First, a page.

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Hurricane Awareness Harder Without Tax Holiday

Building awareness of Monday’s kickoff of the Atlantic Hurricane season is hard enough when the state hasn’t been struck for a decade. But this year’s lack of a tax-free holiday to promote stockpiling emergency supplies could make the job more difficult.

Last year, Floridians saved $20 million when they went to the store to by generators, batteries and other storm supplies. This year, there isn’t a sales tax holiday to get Floridians in disaster mode. Aaron Gallaher, a spokesman for the Division of Emergency Management, says his agency will do all it can.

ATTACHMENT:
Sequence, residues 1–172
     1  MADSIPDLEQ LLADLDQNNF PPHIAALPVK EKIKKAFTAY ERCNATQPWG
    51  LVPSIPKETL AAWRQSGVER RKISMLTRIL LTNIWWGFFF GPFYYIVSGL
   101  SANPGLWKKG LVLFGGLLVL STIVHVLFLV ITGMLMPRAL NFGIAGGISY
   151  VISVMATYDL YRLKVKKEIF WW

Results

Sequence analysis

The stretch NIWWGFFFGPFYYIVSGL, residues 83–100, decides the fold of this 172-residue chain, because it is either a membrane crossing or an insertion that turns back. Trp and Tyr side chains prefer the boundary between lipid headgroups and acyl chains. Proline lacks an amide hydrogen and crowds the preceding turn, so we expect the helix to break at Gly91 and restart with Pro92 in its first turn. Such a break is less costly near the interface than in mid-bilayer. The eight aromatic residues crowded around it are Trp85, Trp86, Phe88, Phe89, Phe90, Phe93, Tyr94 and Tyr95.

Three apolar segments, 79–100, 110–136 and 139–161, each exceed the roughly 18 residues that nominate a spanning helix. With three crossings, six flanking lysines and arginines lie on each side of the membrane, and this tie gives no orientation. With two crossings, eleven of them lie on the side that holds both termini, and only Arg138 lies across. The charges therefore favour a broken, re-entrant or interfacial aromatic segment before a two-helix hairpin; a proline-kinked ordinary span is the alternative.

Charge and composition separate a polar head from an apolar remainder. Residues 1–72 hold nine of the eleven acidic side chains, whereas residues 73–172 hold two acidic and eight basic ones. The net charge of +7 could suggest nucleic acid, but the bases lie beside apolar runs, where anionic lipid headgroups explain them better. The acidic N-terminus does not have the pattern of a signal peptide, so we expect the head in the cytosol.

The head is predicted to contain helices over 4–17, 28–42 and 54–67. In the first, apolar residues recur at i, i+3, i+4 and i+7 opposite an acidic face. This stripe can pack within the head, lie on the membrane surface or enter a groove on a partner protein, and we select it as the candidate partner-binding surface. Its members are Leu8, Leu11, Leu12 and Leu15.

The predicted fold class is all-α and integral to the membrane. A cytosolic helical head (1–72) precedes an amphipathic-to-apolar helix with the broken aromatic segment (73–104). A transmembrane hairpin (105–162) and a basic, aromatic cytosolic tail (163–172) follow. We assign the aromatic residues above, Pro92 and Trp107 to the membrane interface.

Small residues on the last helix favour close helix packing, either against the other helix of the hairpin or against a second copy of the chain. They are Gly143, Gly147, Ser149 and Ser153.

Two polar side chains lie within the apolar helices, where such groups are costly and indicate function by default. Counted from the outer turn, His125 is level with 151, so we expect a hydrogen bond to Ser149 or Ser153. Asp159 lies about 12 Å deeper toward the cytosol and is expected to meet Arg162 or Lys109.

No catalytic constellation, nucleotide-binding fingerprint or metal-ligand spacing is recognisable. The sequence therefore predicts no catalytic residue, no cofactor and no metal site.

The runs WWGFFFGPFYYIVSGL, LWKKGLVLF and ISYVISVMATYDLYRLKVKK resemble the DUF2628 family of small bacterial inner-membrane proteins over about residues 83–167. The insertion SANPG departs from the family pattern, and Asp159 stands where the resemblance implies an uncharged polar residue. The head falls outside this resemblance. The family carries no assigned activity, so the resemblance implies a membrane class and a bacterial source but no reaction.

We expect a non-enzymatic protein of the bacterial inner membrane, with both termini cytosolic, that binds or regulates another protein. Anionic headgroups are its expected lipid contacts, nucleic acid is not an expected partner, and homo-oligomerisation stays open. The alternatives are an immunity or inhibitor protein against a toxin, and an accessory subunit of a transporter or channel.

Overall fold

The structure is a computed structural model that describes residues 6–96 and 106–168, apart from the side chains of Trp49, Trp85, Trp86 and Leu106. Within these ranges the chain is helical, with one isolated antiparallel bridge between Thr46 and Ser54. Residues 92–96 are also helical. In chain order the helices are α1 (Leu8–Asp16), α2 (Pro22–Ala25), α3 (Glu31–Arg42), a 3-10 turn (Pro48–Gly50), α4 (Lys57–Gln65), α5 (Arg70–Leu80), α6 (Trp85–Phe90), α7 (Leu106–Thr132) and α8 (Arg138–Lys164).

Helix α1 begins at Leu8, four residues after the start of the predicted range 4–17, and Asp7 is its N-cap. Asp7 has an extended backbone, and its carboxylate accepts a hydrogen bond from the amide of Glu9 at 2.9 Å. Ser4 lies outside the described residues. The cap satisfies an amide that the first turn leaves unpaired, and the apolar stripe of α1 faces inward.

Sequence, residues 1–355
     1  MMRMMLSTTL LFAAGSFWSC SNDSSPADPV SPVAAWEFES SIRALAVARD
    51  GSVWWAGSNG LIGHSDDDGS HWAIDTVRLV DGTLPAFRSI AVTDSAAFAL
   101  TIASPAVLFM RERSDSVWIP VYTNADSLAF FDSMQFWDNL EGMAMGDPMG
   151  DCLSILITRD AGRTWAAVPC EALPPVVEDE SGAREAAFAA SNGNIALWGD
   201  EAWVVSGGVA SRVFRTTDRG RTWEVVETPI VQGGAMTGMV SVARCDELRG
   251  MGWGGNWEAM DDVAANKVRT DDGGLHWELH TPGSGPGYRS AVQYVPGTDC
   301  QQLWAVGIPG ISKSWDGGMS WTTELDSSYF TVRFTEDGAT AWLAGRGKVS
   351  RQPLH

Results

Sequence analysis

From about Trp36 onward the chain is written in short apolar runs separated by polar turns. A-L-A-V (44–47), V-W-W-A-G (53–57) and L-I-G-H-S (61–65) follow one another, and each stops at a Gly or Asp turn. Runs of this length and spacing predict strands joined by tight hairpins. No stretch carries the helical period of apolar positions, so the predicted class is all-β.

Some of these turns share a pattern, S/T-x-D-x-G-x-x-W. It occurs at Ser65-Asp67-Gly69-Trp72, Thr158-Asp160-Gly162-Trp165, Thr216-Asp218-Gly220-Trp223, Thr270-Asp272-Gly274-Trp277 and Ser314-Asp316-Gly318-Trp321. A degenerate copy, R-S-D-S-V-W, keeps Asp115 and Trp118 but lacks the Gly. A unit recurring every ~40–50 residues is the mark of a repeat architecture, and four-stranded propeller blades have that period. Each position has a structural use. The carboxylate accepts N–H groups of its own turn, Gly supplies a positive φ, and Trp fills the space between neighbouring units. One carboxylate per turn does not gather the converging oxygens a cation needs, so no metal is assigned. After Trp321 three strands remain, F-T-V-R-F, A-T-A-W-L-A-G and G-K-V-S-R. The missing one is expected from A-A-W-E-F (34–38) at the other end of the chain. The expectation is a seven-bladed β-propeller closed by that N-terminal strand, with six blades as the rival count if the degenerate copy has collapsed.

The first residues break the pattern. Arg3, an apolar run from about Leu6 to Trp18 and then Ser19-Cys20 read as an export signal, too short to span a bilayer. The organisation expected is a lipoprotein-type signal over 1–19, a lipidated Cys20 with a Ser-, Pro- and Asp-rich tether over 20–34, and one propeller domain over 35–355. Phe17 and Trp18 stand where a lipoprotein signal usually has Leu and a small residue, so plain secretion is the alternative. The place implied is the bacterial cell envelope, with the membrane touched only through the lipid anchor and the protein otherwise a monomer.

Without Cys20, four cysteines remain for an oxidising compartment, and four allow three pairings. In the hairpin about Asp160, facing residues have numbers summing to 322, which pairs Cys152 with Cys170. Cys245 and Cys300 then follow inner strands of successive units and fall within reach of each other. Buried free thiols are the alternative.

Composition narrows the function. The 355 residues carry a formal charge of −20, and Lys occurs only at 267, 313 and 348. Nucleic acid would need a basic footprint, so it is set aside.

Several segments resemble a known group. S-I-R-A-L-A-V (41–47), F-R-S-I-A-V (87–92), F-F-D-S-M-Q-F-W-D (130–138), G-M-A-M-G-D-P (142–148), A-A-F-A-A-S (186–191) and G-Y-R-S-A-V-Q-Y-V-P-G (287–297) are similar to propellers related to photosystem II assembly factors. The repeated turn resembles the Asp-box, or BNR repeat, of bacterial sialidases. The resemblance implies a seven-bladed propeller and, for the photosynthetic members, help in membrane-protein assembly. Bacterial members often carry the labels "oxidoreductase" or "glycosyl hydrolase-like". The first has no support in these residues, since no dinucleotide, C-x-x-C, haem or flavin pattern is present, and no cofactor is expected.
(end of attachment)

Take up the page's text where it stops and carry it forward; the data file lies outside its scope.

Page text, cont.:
“It’s not in place, but we are still going to work to ensure that everyone who lives, or plays in Florida is prepared for the odds of a hurricane.”

Lawmakers won’t renew the hurricane sales tax holiday next year, either. But the House will be pushing for a back to school tax holiday when the special session begins Monday, says Florida Retail Federation spokesman James Miller.

“Back to school is still alive, and we are going to be doing whatever we can on our end to help that and ensure that it passes.”

The school supply tax holiday would save shoppers up to $40 million.

A Miami native, former WFSU reporter Jim Ash is an award-winning journalist with more than 20 years of experience, most of it in print. He has been a member of the Florida Capital Press Corps since 1992.